There soon comes a day of credit judgment for those who have borrowed excessively for years. Unable to keep up with their minimum credit card payments, troubled borrowers seek out a solution. Debt consolidation is proclaimed a reliable way of dealing with debt woes. Is debt consolidation really helpful? It most definitely is.
The Fiscal Hassles of Carrying Heavy Debt Loads
Carrying high balances on several credit cards creates a number of precarious problems. For one, a borrower’s debt-to-credit ratio ends up rising very high. The debt-to-credit ratio, also known as a balance-to-limit ratio, refers to how much money is borrowed on the cards vs. how much money is available to borrow. When several cards combined yield $50,000 in credit and $45,000 reflect the outstanding amount due, the debt ratio reaches 90%. A figure of only 30% would be devastating to a credit score.
Another problem arises when outstanding debt rises too high. Paying down the debt on high-interest credit cards is difficult enough. When the amount of the debt is enormous, paying off the debt becomes a near-impossible dream. The fiscal punishment derived here is found in all the money that goes towards principle as opposed to interest.
With these things in mind, it may be very wise to look towards acquiring a debt consolidation loan.
One Loan Means Simplicity
A debt consolidation loan is, in essence, a form of refinancing. $17,000 in debt spread across several different credit cards could be absorbed into the umbrella of a single loan. The principle of the debt remains. A debt consolidation loan is not a magic solution that makes debt disappear. The loan does make paying off the debt a lot easier and far less expensive.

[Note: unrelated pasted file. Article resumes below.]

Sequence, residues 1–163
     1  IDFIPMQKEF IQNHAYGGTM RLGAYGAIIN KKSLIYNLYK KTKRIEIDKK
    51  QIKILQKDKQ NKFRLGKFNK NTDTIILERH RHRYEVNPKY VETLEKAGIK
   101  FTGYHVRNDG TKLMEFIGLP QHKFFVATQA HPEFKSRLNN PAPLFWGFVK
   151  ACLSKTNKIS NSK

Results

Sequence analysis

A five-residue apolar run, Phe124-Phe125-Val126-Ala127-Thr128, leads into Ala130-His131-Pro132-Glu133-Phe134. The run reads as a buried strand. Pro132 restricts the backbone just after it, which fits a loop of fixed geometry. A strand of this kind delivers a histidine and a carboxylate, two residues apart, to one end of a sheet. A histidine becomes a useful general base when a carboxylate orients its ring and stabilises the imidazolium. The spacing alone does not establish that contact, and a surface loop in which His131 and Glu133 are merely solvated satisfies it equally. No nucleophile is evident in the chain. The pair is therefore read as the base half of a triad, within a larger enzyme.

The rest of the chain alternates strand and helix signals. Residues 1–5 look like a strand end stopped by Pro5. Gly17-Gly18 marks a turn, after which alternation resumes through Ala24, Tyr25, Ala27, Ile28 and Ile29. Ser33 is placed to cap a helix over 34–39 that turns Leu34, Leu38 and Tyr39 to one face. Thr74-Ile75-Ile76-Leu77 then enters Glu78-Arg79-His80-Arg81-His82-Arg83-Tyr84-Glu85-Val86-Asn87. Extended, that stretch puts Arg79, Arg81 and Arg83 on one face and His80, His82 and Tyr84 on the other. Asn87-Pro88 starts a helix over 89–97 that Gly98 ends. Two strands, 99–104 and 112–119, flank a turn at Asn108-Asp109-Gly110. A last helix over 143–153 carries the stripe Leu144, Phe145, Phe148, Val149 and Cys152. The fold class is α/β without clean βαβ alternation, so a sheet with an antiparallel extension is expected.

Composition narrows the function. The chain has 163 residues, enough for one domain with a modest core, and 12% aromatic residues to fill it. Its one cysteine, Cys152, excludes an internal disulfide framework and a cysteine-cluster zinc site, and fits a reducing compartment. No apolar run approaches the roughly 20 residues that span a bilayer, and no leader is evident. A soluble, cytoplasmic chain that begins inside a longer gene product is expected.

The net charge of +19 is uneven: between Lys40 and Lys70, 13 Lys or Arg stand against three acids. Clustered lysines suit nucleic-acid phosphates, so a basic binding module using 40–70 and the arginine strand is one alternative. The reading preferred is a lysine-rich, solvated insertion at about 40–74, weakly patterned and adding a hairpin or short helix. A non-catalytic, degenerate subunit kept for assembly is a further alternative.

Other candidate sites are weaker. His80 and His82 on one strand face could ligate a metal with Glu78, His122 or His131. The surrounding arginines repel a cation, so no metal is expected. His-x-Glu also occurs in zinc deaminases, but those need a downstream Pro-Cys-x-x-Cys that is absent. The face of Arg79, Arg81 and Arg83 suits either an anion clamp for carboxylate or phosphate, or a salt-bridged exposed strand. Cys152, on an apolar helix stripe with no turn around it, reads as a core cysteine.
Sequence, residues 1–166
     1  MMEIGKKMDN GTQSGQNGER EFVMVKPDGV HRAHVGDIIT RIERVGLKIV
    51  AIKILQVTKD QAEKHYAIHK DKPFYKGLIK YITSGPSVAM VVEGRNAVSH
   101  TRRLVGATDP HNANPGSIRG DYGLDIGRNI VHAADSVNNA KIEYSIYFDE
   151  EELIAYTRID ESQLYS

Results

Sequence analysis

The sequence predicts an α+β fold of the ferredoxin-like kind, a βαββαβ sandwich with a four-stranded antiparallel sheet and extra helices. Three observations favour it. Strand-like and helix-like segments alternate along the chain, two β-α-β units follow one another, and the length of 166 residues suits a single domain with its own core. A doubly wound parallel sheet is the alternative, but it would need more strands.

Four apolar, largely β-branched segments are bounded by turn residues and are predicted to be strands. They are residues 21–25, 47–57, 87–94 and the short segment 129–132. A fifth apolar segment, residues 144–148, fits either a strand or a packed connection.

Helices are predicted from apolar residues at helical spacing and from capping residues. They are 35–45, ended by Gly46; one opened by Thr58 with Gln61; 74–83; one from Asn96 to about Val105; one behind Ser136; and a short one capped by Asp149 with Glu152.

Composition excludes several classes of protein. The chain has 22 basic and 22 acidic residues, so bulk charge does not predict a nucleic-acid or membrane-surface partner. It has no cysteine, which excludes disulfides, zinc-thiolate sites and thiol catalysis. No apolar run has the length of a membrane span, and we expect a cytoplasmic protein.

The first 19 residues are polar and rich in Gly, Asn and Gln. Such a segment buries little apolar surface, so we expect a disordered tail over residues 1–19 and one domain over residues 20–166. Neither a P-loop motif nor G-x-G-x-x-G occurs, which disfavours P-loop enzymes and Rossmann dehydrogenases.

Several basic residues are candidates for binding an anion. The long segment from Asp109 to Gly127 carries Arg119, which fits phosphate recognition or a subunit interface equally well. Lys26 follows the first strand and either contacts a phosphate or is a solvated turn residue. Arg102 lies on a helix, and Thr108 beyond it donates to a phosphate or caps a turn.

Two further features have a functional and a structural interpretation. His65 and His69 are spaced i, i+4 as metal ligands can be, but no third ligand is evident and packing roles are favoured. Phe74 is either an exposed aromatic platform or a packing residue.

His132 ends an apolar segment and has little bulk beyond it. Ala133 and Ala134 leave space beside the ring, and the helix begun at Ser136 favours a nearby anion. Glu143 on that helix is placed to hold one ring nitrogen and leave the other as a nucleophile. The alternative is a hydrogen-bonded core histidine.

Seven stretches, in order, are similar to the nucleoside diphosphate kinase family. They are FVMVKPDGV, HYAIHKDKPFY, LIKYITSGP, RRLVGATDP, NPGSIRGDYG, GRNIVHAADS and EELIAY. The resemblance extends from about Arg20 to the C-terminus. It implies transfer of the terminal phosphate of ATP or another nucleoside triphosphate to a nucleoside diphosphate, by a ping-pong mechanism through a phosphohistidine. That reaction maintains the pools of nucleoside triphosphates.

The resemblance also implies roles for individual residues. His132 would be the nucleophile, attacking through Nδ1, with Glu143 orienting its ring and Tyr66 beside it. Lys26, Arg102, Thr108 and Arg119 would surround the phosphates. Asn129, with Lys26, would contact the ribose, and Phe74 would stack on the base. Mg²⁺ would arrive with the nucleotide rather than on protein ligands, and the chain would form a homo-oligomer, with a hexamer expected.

Acquiring lower interest rates is the main purpose so many seek a debt consolidation loan. What would be the purpose of shifting the debt to another loan with the same excessive interest? Lowering the interest rate makes the repayment of debt cheaper.
Paying off the loan becomes faster since more money is directed towards the principle and less towards the interest. Minimum monthly payments are going to be less since there is only one monthly payment and not several spread across several cards. Of course, the money now freed up by the elimination of several credit card balances can be directed towards the single debt consolidation loan. Doing so further speeds up the payoff.
Types of Lower Interest Options
A few options exist for those hoping to consolidate credit card debt. Transferring the debt to a 0% APR credit card is a possibility if the amount of debt is low. $9,000 spread across three cards, for example, could be moved to a card with “no interest for the first year”. Debt that is significant — well over $10,000 — could be consolidated onto a personal loan. Moving the debt to the balance of a line of credit affixed to a checking account is another option.
Those with bad credit, however, may find unsecured loan approvals to be elusive. Secured collateral loans might be available. A very low-interest home equity loan might be the easiest to procure.
Credit Score Improvements
The minute debt is consolidated and the process to paying off the debt is launched, steps are being taken to finally improve a devastated credit score. The results are not going to occur the second debt is transferred to a new loan. A bit of time has to go by — and a bit of the debt balance has to drop — in order for a credit score to improve.
Other issues play into the lowering of a credit score. Personal loans may be more helpful than low APR or line of credit consolidations. Credit cards and lines are known as revolving debt. That means available credit is always there. With a personal loan, the debt is fixed and designed solely to be paid off. Hence, personal loan debt won’t be as impacting on a credit score.
A New Fiscal Path
Consolidating debt is not the main solution to the issue of high debt. Debt consolidation is a means to achieving a desired goal. Anyone hoping to get out of debt has to stop borrowing. Adding back to the debt is only going to lead to a return to financial trouble.